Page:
Depending on which goal you select, this will open different campaign types and ways to measure your goal. 

Select search as your campaign type. (If you plan to create a display or YouTube ad later, do it separately.)

Note: Be sure to set up conversion tracking so you can be sure to measure leads, sales, and other conversions acquired through Google Ads. 

Next, you’ll set a daily budget indicating how much you want to spend per day. 

Choose the metric you want to optimize your ads for, whether it’s clicks, conversions, or something else. This ties directly to the bid strategy your campaign will use. 

On this page, you have the ability to choose more settings, like ad rotation and selecting which conversion actions to track for the specific campaign. You may have multiple different conversions in your ad account, but not every conversion will be the right fit for each campaign. For example, the conversion goal for a membership campaign could be a new member registration, but a conversion for a training events campaign could be a ticket purchase. Both conversions would live in the same ad account, but you’d select which conversion action is the right fit for your goal at the campaign level. 

Ad rotation refers to how you want Google to choose which ads to show — it can rotate them indefinitely or display the top performers. More hands-on advertisers typically prefer to rotate ads indefinitely so they can collect data on their ads and messaging and make revisions manually. 

Next up are campaign settings, with networks, locations, language, audiences, and more ad settings.

For networks, uncheck display network, and uncheck “include Google search partners”  unless you have a large, generous budget. Including search partners can open your ads up to a wider audience that may be less relevant. 

Choose any specific locations you want to target and select your audience’s language. 

The next setting is audience targeting. Because your search campaign is based on keywords, you’ll likely want to skip this section. Selecting specific audiences with the “targeting” option will prevent your ads from showing to people who search for your keywords if they don’t meet the criteria of your selected audience. Observation audience targeting provides you with insightful data on who your audience is and how different groups interact with your ads, but it’s not necessary for those just starting out with Google Ads. 

From this screen, you can also set custom start and end dates and an ad schedule indicating what days and times your ads should run. Some associations opt to run ads only on the weekdays to conserve budget, though this could potentially limit showing up for qualified audiences who search over the weekend.

Next up: keywords and ads.

Here, name your first ad group and input the relevant keywords. Remember to keep your keywords tailored to that specific theme or topic — you don’t want your entire account’s keywords in a single ad group. There are different types of keyword match types — read this to familiarize yourself with the different types and when to use them.

On the same screen, you’ll create your first responsive ad that matches the ad group. Make sure your landing page matches the keywords to improve your quality score and reduce your cost per click. For example, if this ad group targets non-branded membership-related keywords, don’t enter your home page as the final URL. Instead, use your membership landing page as the final URL. This provides a better user experience for your audience.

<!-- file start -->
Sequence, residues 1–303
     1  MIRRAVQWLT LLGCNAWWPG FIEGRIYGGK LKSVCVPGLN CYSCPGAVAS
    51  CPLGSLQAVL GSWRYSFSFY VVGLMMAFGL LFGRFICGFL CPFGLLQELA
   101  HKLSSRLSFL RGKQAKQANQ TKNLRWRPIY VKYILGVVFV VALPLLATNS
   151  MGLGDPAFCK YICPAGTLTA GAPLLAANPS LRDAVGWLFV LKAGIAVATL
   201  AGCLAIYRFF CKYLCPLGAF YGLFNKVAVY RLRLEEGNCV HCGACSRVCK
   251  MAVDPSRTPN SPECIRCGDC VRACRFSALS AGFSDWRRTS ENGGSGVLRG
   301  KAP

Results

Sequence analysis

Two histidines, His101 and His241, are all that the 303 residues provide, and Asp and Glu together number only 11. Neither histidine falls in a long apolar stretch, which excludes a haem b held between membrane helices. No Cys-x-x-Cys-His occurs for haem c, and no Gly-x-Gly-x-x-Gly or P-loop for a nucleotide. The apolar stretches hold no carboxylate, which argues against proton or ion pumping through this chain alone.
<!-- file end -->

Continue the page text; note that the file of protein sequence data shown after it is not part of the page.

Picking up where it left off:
Add up to 15 30-character headlines and four 90-character descriptions. If there are any specific headlines or descriptions you want to appear every time your ad is shown, you can hover your mouse over the right side of the field and pin them to a certain position.

If your campaign will contain more than one ad group, press “Create another ad group” and repeat the process. 

After you create your ad group, Google will guide you to create extensions to go with your ad. These provide more information and help your ad take up more real estate on the search engine results page. Sitelinks, which provide navigational links to other pages of your website, and callouts, which provide 25 more characters for you to highlight your benefits, are two great options for associations. 

You can also consider other types of ad extensions, like:

  • Call
  • Structured snippet
  • Lead form
  • Price 
  • Promotion 

This is an example of an ad with call, callout, and sitelink extensions: 

Because of the extensions, it takes up more than twice the amount of space on Google a regular ad would!

After you’ve added extensions, you have the chance to review your campaign before it goes live. Triple-check your budget, make sure your ad groups are organized, your ads have no typos, landing pages work, and all of the settings are correct. 

If everything looks good, it’s launch time! After your campaign is live, be sure to monitor your performance to see how it’s doing. Check your click-through rate, cost per click, conversions and conversion rates, as well as your search terms report. Your search terms report shows you the exact phrases people entered in Google to trigger your ad and is a goldmine of new keyword ideas and negative keywords to add to your list. 

To learn more about Google Ads before spending any of your budget, Google offers an excellent free resource: training and certifications through Google Skillshop. This is a great way to familiarize yourself with the essential Google Ads concepts and how it works. 

For more guides on digital marketing for associations, check out these posts: 

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Emily Herrington

Emily Herrington is a New Orleans-based digital marketer specializing in SEO, content, and pay-per-click advertising. She can usually be found at her desk obsessing over data and rankings, or in the kitchen covered in flour.